Rapidly Detecting and Correcting Degradation of Military Supply Distribution Performance

Algorithms, Visualizations, and Case Studies

by James R. Broyles, Kenneth J. Girardini, Jason Mastbaum, Marc Robbins, Patricia Boren

Download eBook for Free

Full Document

FormatFile SizeNotes
PDF file 3.8 MB

Use Adobe Acrobat Reader version 10 or higher for the best experience.

Research Synopsis

FormatFile SizeNotes
PDF file 0.1 MB

Use Adobe Acrobat Reader version 10 or higher for the best experience.

Research Questions

  1. What is the best way to monitor the distribution system and automatically detect distribution problems (or potential distribution problems) that might affect equipment readiness?
  2. What data visualizations could assist Army managers and analysts to determine the root causes and potential corrective actions related to the detections?

Army units worldwide depend on a complex network of distribution centers, managed primarily by the Defense Logistics Agency, to support equipment readiness and sustainability. Rapid and reliable logistics distribution support is especially important for U.S. Army forces deployed into theaters of operations. There are many factors that can cause performance changes affecting the distribution timeliness to the Army. Currently, distribution problems are detected manually and reactively by Army units once these problems start to affect equipment readiness. This report describes (1) algorithms developed by the authors that monitor the logistics distribution system and automatically detect distribution problems (or potential distribution problems) that might affect equipment readiness, and (2) data visualizations developed by the authors that assist Army managers and analysts to determine the root causes and potential corrective actions related to the detections. The report also provides several case studies illustrating the algorithms' effectiveness.

Key Findings

  • Current Army distribution metrics are lagging indicators of problems because they focus on requisition wait time, which requires the receipt of the shipment, and require manual monitoring to detect problems.
  • In several historical case studies of distribution performance degradation, the detection algorithms and metrics could have automatically detected actual or potential distribution problems several months prior to when they were realized by the Army units.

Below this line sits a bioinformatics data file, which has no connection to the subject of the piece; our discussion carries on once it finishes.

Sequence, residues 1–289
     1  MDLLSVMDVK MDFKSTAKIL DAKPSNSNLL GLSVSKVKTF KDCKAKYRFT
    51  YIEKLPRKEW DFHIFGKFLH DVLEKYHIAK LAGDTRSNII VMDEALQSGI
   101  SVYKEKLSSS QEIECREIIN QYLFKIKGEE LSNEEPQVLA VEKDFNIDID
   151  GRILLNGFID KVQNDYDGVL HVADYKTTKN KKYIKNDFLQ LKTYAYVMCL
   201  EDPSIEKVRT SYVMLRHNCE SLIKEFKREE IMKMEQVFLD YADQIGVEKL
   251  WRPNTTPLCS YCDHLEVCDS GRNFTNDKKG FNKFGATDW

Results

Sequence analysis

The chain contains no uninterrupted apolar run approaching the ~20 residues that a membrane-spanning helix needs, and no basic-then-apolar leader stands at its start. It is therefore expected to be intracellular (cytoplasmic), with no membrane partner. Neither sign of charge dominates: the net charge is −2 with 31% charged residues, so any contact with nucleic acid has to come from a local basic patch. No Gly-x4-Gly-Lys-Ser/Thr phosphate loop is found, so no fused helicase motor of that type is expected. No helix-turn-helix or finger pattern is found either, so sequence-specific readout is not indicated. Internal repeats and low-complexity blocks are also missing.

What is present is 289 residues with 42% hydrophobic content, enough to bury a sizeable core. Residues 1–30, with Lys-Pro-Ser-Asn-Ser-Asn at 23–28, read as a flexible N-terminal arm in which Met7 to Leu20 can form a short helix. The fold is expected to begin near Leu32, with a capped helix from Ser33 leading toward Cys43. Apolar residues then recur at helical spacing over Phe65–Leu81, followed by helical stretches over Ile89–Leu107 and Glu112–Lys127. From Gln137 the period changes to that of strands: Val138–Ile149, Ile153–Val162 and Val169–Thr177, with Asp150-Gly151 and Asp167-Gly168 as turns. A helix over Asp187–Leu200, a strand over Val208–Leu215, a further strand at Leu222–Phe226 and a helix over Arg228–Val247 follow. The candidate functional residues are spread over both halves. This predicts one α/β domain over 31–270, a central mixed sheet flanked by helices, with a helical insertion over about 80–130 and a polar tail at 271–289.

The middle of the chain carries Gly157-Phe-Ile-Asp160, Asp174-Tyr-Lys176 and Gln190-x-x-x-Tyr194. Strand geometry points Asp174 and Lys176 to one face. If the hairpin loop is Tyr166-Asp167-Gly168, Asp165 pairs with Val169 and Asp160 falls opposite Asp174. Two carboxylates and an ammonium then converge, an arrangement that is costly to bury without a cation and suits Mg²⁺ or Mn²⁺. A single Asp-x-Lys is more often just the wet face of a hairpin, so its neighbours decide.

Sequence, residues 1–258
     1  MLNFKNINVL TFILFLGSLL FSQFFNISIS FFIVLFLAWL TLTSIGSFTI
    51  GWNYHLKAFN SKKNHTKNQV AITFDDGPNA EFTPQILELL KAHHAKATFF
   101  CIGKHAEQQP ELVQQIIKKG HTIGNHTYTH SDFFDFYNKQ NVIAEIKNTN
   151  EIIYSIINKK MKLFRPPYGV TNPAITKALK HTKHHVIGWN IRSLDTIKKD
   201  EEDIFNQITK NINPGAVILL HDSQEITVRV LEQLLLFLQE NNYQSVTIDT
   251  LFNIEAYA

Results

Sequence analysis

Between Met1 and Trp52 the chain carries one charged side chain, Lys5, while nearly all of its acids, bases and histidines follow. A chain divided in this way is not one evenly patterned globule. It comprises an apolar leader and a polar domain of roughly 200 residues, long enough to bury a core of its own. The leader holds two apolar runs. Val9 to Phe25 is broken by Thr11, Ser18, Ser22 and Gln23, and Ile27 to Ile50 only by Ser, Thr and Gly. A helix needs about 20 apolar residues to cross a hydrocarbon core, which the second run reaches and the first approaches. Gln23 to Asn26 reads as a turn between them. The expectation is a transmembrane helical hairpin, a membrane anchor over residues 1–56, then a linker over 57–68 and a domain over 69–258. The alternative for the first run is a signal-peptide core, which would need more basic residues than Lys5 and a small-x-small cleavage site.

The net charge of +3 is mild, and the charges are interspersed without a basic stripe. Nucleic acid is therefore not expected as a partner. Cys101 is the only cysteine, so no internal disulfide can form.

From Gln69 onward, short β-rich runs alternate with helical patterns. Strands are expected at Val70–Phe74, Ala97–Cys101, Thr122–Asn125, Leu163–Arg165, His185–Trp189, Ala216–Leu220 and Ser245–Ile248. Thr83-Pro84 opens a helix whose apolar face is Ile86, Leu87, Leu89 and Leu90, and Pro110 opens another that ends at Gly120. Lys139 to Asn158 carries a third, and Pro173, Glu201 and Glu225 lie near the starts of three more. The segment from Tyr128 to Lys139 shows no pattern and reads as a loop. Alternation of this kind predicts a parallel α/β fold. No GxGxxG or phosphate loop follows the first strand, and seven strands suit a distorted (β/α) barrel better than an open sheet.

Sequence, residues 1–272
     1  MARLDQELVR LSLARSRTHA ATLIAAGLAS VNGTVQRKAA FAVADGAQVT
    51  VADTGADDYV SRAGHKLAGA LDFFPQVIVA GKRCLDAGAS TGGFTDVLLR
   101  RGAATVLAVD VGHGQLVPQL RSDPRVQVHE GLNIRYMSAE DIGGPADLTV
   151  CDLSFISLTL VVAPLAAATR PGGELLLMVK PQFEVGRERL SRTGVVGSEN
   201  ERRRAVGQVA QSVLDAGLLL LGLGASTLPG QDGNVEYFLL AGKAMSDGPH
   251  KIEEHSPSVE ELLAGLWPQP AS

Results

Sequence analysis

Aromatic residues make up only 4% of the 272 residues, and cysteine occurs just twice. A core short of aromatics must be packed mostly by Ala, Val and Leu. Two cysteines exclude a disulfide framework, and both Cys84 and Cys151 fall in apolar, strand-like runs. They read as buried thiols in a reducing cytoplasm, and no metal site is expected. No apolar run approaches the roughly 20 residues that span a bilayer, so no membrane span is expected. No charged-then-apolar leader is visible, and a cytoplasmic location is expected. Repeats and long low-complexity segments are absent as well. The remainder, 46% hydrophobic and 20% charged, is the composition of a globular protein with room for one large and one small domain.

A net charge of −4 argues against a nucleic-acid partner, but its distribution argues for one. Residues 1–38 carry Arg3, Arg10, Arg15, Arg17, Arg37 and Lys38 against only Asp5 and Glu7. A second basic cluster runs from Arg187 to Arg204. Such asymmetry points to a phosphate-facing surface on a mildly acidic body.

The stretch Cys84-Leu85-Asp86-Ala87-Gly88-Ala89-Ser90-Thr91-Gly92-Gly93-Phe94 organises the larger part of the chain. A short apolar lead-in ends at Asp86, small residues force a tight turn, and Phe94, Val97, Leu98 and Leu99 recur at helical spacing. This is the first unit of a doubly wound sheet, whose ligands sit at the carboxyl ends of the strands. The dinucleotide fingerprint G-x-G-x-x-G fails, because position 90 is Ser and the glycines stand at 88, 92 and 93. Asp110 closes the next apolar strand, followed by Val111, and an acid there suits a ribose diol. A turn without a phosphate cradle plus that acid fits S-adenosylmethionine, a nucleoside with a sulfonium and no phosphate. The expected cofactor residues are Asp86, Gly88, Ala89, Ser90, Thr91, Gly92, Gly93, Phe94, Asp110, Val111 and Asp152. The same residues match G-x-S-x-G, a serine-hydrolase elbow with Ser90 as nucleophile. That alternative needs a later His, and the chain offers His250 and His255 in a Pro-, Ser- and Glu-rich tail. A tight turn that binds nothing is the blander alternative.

Recommendations

  • Implement the detection algorithms and visualizations in an Army analytics platform for continued use and to inform corrective actions.
  • Expand the metrics beyond requisition wait time and provide open shipment data in the analytics platform so that the algorithms can identify potential distribution problems earlier.

Table of Contents

  • Chapter One

    Introduction

  • Chapter Two

    Automatic Detection Algorithms

  • Chapter Three

    Overview of the OCONUS Distribution Data Visualization Dashboards

  • Chapter Four

    Case Studies of Distribution Degradation Detections, Visualizations, and Corrective Actions

  • Chapter Five

    Conclusion and Way Forward

  • Appendix A

    OCONUS Distribution Visualization Dashboards Details

  • Appendix B

    Documentation of Calculations in Tableau

  • Appendix C

    Geographic Regions

  • Appendix D

    Data Fields and Sources

Research conducted by

The research described in this report was sponsored by the Office of the Deputy Chief of Staff, G-4 (Logistics), U.S. Army and conducted by the Forces and Logistics Program with the RAND Arroyo Center.

This report is part of the RAND Corporation Research report series. RAND reports present research findings and objective analysis that address the challenges facing the public and private sectors. All RAND reports undergo rigorous peer review to ensure high standards for research quality and objectivity.

This document and trademark(s) contained herein are protected by law. This representation of RAND intellectual property is provided for noncommercial use only. Unauthorized posting of this publication online is prohibited; linking directly to this product page is encouraged. Permission is required from RAND to reproduce, or reuse in another form, any of its research documents for commercial purposes. For information on reprint and reuse permissions, please visit www.rand.org/pubs/permissions.

The RAND Corporation is a nonprofit institution that helps improve policy and decisionmaking through research and analysis. RAND's publications do not necessarily reflect the opinions of its research clients and sponsors.